According to Tim Harford, author of The Undercover Economist, Web2.0 businesses aren’t the only ones pulling this off…  read his article, How Facebook Is Like Ikea

To the Initiated Taylor’s College Students

Thanks for the engaging session today! I can tell you, I really enjoyed the conversations we shared, and hope to continue our exploration here.


Any constructive feedback for me? This is the first time I’ve ever been paid to speak. Did you learn something you can use to win the Taylor’s Business School Business Plan Competition (and the RM3,000 cash)?!

As promised, you can click here for the list of relevant links.

And read on for a summary of the seminar. Please leave comments and questions! Or, you can email your abuse to Samuel. haha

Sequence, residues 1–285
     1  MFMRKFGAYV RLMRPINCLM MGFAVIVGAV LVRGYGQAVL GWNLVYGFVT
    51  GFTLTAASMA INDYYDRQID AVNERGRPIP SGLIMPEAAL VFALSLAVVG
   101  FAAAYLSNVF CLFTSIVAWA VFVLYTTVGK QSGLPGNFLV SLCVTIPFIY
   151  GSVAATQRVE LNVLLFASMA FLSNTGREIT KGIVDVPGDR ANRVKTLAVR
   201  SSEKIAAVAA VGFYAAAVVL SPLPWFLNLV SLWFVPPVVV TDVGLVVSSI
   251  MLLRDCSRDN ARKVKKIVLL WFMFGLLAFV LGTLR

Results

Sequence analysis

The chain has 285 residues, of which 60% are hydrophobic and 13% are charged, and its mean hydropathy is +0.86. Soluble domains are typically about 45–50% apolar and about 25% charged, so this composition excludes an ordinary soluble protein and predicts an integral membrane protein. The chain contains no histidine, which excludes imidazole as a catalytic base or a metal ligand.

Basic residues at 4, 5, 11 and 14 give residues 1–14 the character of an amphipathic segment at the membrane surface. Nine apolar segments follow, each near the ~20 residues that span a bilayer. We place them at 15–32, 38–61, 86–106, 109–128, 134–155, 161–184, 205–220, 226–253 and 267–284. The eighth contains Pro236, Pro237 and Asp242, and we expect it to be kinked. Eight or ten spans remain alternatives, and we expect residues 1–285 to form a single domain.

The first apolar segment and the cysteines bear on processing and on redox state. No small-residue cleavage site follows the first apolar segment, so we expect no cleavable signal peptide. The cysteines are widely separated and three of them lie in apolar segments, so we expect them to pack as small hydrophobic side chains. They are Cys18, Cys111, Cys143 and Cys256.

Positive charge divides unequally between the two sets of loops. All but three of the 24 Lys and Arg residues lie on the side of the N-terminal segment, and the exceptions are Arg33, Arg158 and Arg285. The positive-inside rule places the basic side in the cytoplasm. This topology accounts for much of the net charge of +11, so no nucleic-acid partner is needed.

Continue reading

GE + McKinsey Invites 40 Outstanding Students to Leadership Workshop

A smart HR strategy as well… how can you expect any less?

Open to ALL Malaysian students, you have until the end of this month to apply.

Designed and facilitated by young leaders from GE and McKinsey’s Kuala Lumpur offices. Workshop sessions will include topics such as What makes a leader, Personality types and influencing techniques, Applying logic to decision-making and Effective Communication….

Details in the application form, here.

I’m a huge fan of GE and McKinsey’s org-cultrue… So I applied anyway, claiming I am a student at heart! *fingers crossed*

Treasures from Amoeba Music